Technically, “Gravity” Is The New “2001”

It’s an expensive 2013 production, so naturally it’s the best-looking space movie I’ve seen.

The zero-gravity condition in various spacecraft spots in 2001: A Space Odyssey becomes dizzying zero-gravity spinning and ceaseless floating in Alfonso Cuaron’s Gravity.  The striking outer hardware of spaceships in 2001 becomes an ugly jumble of fascinating hardware, lengthy cables and all, in Gravity.  It’s certainly a technical improvement on Stanley Kubrick’s 1968 film.  There is also a bit of Alien-style violence (a dead astronaut with a big hole in his face) and a shot of a space technician played by Sandra Bullock shedding her astro-suit a la Jane Fonda’s Barbarella (ugh), revealing a pair of shorts but without getting topless.  Thus Cuaron was influenced by several other sci-fi pics, yet Gravity is indeed its own movie, a singular achievement.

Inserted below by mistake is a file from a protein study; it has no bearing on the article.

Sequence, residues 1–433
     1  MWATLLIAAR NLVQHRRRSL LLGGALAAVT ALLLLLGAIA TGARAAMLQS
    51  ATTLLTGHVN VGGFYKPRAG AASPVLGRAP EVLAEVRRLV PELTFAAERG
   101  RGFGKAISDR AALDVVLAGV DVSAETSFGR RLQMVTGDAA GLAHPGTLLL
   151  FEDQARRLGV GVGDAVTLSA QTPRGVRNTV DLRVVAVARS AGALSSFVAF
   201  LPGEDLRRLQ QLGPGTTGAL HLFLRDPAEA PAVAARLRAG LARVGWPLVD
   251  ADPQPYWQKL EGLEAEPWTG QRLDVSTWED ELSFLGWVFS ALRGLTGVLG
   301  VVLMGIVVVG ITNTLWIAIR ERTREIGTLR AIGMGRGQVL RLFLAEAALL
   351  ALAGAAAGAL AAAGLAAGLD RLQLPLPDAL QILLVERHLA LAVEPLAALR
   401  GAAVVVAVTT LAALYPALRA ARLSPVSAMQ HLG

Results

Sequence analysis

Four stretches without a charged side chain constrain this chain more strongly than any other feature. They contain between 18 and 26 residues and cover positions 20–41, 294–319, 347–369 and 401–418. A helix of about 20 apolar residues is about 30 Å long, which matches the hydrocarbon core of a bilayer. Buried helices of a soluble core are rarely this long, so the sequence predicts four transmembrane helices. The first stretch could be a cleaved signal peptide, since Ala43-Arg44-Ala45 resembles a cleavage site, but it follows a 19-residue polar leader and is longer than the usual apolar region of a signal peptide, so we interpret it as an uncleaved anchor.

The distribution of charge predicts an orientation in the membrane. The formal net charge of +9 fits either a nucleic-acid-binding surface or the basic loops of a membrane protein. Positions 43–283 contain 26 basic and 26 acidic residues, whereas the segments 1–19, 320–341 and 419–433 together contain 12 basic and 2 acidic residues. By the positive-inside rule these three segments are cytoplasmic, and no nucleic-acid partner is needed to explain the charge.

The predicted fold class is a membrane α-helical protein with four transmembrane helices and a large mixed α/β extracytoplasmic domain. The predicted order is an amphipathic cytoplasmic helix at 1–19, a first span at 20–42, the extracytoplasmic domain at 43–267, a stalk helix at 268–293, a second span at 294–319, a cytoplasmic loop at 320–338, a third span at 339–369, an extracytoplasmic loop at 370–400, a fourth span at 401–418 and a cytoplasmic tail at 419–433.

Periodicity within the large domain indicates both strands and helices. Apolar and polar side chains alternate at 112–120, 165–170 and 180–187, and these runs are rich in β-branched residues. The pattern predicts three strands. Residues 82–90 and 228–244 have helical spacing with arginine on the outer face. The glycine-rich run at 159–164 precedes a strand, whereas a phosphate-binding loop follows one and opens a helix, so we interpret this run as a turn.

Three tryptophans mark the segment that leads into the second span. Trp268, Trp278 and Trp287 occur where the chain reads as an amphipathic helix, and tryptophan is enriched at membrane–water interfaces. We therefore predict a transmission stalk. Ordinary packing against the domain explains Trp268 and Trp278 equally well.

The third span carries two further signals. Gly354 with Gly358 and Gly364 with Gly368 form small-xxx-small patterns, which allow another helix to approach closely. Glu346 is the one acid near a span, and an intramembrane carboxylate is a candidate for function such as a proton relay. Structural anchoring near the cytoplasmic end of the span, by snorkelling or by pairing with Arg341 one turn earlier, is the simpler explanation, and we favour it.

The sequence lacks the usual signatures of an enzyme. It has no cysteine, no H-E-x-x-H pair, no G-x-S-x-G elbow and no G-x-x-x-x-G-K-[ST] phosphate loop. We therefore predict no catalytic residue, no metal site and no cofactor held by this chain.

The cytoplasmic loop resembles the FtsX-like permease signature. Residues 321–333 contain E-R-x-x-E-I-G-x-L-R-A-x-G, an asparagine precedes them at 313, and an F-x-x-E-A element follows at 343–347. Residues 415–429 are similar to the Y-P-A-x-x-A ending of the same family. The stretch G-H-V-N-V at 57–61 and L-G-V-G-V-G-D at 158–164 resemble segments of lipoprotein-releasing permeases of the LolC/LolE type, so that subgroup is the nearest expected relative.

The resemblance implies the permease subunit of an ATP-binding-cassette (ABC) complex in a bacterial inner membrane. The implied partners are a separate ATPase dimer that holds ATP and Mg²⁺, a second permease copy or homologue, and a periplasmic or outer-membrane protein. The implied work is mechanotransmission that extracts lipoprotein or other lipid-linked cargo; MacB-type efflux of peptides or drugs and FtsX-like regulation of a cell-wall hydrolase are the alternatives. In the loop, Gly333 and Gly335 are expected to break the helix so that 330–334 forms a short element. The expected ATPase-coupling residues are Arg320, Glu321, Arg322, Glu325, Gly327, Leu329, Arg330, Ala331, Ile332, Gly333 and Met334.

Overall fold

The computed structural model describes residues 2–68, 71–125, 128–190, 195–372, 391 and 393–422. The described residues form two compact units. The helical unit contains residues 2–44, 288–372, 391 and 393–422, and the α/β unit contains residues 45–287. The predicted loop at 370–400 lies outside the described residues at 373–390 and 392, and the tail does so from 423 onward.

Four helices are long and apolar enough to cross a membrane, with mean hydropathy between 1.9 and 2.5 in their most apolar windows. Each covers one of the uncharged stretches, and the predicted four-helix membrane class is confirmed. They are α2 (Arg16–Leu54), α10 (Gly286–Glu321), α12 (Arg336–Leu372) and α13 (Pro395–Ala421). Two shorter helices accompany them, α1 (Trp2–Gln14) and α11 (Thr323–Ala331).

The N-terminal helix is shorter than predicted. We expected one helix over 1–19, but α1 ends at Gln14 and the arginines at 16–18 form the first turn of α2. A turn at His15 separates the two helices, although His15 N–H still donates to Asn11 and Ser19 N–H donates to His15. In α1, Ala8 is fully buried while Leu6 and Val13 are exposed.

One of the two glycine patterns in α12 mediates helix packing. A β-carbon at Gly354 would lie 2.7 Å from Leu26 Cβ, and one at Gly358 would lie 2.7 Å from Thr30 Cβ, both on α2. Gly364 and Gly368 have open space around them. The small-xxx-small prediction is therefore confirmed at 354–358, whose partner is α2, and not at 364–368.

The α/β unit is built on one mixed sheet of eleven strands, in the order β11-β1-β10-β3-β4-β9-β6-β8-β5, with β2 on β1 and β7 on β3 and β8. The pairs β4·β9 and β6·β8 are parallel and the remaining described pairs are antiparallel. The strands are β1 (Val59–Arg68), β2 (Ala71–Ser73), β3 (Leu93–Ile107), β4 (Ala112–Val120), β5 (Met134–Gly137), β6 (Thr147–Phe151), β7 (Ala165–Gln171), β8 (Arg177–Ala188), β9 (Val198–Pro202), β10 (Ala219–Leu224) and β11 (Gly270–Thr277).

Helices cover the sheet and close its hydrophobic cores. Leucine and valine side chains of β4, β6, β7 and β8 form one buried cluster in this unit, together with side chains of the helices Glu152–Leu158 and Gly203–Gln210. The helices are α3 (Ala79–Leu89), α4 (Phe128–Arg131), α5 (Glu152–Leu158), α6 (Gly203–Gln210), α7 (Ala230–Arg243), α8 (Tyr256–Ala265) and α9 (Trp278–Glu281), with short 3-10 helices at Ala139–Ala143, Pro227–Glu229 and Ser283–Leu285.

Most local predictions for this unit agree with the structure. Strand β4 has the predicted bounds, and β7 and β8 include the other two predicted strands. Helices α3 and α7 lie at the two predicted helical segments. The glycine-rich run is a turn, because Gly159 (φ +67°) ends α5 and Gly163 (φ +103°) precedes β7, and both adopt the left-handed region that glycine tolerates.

I don’t know why so much goes wrong for Sandra as she struggles in the heavens, but it’s quite a spectacle when it does.  And I saw the film in 2D, not 3D—surely even more enthralling.  There are terrifically vivid closeups of Bullock, and blunt, beguiling cinematography by Emmanuel Lubezki.  Enjoy.

Weightlessness Tests
Weightlessness Tests (Photo credit: San Diego Air & Space Museum Archives)

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